25. number2 says:

    #24 – problem solved, enjoy the veggies
    http://www.whatsonmyfood.org/

  26. Juice Box says:

    re #24 – re: “What’s left to eat that’s completely safe.”

    If you looked at the scare mongering going on in Facebook feeds you would think nothing. I wonder who is paying for all of those ads? glyphosate is a carcingen?

    Who is shorting Monsanto?

  27. Fast Eddie says:

    Lib,

    Way to go Gary. I heard housing in going to crash tomorrow.

    You can almost guarantee that something somewhere is going to shave 10% of house prices real quick. :)

    Btw, I locked in at 3.875% on a 30 yr. fixed.

  28. grim says:

    You’d be surprised how many small farmers don’t want to be bothered with non-gmo/organic.

    Spent a lot of time talking to NJ grain farmers on the topic. It’s not clear cut.

    Both Non-GMO and Organic is non-starter for many of these guys. If they are going to do Organic, it’s going to be with GMO seed stock.

    What I’m hearing is that the GMO is just plain better. Most interesting, is that certain GMO varieties actually use less pesticides than non-GMO organics, sometimes significantly less. Non-GMO organic actually needing a shitload more pesticide and fungicide.

    So if pesticides on your produce are a problem, you should be celebrating GMO.

    Most of these guys say you can get a very reasonable balance if you are willing to give up some yield and pay a higher price, just by exercising reasonable husbandry. You don’t get any kind of fancy label, but the end result is better than the one with the fancy label.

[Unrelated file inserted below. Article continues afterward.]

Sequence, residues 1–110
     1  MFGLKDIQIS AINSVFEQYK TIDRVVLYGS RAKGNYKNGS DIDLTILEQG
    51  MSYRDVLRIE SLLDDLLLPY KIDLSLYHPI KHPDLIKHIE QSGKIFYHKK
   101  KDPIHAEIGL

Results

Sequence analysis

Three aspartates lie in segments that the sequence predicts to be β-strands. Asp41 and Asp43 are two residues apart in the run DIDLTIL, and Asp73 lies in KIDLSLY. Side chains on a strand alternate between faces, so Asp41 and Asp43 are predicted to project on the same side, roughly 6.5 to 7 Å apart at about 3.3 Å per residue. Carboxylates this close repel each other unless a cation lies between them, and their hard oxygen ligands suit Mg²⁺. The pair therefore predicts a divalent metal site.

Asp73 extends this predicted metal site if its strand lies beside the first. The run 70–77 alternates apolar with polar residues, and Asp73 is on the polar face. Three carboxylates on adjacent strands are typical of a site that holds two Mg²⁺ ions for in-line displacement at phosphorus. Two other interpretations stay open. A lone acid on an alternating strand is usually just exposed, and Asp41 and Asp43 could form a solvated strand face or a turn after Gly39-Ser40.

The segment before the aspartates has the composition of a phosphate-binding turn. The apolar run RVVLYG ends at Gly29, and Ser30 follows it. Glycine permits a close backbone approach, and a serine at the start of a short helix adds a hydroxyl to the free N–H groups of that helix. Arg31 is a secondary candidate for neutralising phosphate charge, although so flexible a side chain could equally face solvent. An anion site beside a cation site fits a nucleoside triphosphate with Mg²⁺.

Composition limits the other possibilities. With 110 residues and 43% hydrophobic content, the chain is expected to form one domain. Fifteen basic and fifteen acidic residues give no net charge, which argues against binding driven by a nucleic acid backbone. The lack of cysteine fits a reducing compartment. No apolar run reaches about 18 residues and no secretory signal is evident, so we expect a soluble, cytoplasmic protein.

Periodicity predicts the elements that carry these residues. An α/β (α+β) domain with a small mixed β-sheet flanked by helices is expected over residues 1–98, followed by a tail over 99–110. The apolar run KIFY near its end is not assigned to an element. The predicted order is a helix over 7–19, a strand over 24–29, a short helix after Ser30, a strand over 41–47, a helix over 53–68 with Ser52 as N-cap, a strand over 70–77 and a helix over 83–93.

29. D-FENS says:

    29 – No wonder they taste so good.

  30. grim says:

    Do vegans not bite their nails?

  31. Juice Box says:

    re GMO- we aren’t far off from Humans now.

    Porkier Pigs….

    http://www.nature.com/news/super-muscly-pigs-created-by-small-genetic-tweak-1.17874

    Key to creating the double-muscled pigs is a mutation in the myostatin gene (MSTN). MSTN inhibits the growth of muscle cells, keeping muscle size in check. But in some cattle, dogs and humans, MSTN is disrupted and the muscle cells proliferate, creating an abnormal bulk of muscle fibres.

    To introduce this mutation in pigs, Kim used a gene-editing technology called a TALEN, which consists of a DNA-cutting enzyme attached to a DNA-binding protein. The protein guides the cutting enzyme to a specific gene inside cells, in this case in MSTN, which it then cuts. The cell’s natural repair system stitches the DNA back together, but some base pairs are often deleted or added in the process, rendering the gene dysfunctional.

  32. joyce says:

    ” In a move that would make many capitalists’ head explode if it ever happened here, Iceland just sentenced their 26th banker to prison for their part in the 2008 financial collapse.

    In two separate Icelandic Supreme Court and Reykjavik District Court rulings, five top bankers from Landsbankinn and Kaupping — the two largest banks in the country — were found guilty of market manipulation, embezzlement, and breach of fiduciary duties. Most of those convicted have been sentenced to prison for two to five years. The maximum penalty for financial crimes in Iceland is six years, although their Supreme Court is currently hearing arguments to consider expanding sentences beyond the six year maximum. “

  33. yome says:

    Now,the Competitor needs to up the ante to fight for talents.